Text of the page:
Session 243

Entrepreneurs, Ventures, and Innovation

Track I

Date: Tuesday, October 9, 2012

 

Time: 15:45 – 17:00

Common Ground

Room: Club E


Facilitator:

  • Elisa Alvarez-Garrido, University of South Carolina

Title: An Innovation-Based View of Sustainable Firm Performance

Authors

  • Ulrich Lichtenthaler, University of Mannheim
  • Shaker Zahra, University of Minnesota

Abstract: This paper presents an innovation-based view of firm performance. Grounded in interfirm heterogeneity in innovation, this view highlights the potential to achieve sustainable superior performance based on internal innovation activities despite the growing trend toward open innovation. A key feature of the innovation-based view is moving beyond the widespread focus on product innovation to build upon its interdependencies with other critical first-order innovations such as service, process, business model, and management innovations. The innovation-based view also considers the intertemporal transformation of innovation activities through second-order innovations, offering a more realistic and dynamic perspective on firms’ innovation over time. This transformation influences a firm’s boundaries as well as how and where it sustains value creation over time. As such, the proposed innovation-based perspective revises existing views about competition and organizational boundaries.

Title: Commercialization through Organizational Learning and Identity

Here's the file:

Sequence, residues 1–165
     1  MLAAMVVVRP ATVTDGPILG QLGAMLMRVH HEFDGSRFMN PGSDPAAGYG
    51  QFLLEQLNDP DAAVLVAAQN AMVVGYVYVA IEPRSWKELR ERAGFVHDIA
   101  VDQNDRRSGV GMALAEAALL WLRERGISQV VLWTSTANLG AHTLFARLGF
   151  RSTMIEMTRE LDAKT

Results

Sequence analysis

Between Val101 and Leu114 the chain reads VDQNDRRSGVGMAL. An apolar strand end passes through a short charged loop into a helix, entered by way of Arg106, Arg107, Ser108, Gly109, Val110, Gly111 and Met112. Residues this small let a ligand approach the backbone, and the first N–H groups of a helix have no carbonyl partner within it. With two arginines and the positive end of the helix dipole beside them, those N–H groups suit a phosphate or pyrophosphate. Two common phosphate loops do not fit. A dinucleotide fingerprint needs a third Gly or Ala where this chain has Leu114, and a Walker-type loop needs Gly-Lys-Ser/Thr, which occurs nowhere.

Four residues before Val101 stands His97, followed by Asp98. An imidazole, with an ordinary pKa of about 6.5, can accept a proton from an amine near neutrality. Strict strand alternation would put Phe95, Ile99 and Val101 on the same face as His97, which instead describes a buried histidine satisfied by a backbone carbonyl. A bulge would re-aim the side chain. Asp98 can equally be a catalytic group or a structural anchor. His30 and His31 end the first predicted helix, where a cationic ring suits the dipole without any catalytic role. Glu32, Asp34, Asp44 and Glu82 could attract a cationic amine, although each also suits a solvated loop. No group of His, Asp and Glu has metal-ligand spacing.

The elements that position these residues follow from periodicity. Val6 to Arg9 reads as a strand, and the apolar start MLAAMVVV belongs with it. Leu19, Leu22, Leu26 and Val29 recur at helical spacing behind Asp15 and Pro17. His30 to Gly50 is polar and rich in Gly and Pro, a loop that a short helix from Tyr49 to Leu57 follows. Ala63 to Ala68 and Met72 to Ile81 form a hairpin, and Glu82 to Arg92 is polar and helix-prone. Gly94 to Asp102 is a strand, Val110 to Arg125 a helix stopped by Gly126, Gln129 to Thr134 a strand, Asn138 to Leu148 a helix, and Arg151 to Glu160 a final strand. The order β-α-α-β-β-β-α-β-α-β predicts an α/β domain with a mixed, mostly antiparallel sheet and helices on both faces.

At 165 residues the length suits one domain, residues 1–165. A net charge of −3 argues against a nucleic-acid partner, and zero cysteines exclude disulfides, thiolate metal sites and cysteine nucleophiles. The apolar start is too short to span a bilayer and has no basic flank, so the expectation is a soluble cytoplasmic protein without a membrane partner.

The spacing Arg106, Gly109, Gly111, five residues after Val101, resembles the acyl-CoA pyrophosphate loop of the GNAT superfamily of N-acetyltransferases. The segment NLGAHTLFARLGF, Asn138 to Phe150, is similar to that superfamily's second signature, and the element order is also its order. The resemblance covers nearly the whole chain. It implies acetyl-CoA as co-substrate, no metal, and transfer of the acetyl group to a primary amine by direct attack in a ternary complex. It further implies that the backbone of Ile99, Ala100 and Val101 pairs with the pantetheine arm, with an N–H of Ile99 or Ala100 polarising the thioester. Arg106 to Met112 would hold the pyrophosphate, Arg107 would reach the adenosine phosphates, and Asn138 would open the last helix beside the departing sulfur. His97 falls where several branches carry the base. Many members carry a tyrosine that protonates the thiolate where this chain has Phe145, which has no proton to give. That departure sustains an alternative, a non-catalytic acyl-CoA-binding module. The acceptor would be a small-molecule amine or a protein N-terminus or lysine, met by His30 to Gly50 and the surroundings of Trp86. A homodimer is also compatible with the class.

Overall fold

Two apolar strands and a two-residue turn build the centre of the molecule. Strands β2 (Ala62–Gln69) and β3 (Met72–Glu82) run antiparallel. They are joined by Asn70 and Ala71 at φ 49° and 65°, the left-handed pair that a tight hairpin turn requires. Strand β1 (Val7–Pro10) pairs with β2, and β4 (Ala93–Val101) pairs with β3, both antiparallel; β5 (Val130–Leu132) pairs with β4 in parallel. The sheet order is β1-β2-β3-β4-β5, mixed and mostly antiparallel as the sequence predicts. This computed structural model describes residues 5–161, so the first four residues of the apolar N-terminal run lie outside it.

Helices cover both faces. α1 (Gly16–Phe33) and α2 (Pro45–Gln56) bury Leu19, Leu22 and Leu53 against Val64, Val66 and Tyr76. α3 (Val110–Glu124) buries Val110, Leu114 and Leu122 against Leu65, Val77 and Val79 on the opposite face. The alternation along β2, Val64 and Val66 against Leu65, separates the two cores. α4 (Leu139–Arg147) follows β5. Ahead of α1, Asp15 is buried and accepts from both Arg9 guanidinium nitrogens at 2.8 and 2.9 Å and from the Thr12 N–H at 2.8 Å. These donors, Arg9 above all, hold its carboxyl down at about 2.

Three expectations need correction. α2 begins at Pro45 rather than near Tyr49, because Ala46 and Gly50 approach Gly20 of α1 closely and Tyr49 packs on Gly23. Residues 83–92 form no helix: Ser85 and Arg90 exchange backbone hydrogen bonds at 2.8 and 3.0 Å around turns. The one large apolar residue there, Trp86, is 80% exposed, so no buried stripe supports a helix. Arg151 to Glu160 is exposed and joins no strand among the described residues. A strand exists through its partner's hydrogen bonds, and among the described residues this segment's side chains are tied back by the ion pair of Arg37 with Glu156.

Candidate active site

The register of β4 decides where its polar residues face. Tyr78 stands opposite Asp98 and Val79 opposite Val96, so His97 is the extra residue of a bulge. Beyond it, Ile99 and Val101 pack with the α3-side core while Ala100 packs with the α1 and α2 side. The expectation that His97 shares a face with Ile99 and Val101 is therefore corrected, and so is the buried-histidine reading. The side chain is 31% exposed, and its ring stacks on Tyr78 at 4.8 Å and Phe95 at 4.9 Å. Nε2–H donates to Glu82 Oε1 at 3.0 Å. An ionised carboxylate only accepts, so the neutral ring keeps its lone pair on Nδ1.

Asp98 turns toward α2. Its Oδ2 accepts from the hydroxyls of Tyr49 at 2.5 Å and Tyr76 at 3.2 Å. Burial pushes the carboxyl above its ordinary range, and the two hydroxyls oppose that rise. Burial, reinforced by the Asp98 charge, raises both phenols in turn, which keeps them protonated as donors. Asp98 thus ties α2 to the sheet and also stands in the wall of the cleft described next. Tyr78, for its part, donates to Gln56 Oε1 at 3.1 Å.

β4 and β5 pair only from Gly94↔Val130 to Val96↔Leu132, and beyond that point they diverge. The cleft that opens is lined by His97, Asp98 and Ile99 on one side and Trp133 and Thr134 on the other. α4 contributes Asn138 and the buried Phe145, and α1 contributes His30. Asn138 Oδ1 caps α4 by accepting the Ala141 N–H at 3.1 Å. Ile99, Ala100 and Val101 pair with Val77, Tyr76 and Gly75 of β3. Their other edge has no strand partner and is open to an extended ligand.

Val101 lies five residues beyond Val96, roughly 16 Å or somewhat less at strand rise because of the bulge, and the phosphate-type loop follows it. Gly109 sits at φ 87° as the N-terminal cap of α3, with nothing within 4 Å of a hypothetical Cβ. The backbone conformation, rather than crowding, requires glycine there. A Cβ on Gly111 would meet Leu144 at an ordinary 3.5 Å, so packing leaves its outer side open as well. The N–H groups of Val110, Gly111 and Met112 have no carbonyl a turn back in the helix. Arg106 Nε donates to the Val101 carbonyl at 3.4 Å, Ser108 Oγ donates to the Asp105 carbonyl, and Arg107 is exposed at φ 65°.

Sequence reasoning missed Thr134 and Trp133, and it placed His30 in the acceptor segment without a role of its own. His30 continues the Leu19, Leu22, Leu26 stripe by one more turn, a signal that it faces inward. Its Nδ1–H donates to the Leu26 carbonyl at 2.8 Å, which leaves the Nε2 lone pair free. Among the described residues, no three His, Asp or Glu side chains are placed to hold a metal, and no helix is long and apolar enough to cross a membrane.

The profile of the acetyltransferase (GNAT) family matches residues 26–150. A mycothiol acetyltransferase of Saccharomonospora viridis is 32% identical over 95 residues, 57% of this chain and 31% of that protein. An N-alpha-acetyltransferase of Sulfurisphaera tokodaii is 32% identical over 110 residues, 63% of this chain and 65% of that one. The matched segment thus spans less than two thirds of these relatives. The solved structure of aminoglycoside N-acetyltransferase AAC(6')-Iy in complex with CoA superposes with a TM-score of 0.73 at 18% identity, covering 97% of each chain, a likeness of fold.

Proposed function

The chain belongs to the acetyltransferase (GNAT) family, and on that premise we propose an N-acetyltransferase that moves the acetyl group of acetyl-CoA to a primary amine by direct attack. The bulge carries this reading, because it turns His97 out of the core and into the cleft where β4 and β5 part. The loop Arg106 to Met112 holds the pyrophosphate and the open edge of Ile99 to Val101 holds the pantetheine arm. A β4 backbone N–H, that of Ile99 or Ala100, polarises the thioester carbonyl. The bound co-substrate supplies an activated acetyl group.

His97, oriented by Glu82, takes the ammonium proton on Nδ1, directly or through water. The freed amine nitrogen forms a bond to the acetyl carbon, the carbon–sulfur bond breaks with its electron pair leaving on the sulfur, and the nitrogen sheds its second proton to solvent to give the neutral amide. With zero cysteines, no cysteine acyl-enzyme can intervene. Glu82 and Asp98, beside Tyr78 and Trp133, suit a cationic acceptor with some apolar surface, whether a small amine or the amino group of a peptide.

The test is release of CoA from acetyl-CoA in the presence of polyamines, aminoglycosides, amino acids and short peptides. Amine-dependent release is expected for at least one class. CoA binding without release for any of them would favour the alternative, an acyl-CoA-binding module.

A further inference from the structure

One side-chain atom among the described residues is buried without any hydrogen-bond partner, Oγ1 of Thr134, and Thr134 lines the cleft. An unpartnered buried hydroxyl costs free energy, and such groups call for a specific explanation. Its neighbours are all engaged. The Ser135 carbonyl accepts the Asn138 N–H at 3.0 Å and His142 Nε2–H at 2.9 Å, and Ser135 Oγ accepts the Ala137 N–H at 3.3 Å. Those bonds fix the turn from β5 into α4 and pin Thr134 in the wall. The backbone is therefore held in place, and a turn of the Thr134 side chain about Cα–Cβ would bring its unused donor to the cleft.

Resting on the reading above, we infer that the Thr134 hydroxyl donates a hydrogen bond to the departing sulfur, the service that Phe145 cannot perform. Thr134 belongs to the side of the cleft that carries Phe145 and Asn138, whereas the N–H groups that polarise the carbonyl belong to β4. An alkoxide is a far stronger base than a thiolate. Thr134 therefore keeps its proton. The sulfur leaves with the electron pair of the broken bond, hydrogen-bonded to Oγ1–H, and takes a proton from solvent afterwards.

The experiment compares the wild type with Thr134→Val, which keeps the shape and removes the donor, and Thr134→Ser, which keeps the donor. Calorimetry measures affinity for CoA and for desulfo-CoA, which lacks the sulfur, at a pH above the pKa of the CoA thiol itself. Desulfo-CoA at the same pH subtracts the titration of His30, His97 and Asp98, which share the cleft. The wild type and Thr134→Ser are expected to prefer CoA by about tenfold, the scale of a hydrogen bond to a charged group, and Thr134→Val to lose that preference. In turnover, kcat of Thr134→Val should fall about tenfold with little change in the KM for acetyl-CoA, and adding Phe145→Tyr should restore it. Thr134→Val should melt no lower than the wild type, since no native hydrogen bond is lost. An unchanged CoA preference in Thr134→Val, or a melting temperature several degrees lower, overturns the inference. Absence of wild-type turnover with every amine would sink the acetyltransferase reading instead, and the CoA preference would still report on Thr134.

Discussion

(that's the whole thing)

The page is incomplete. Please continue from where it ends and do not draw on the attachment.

Authors

  • Michael Ciuchta, University of Central Florida
  • Anne Miner, University of Wisconsin-Madison

Abstract: Organizational learning research has explored how varied forms of experience can generate change in knowledge and behavior. We propose that organizational identity moderates the impact of experience, and that this implies that organizations can learn differently from the same and similar experience. Specifically, we explicate how identity shapes how organizations notice, interpret and systematically respond to experience by changing aspirations and developing knowledge and the influence these processes have on an organization’s time to commercialization. We test our theory on a sample of start-up organizations located around a large research university.

Title: Contagion and Competencies: Drivers of Internationalization in Knowledge Intensive VC Firms

Authors

  • Sharon Matusik, University of Colorado, Boulder
  • Siddharth Vedula, Babson College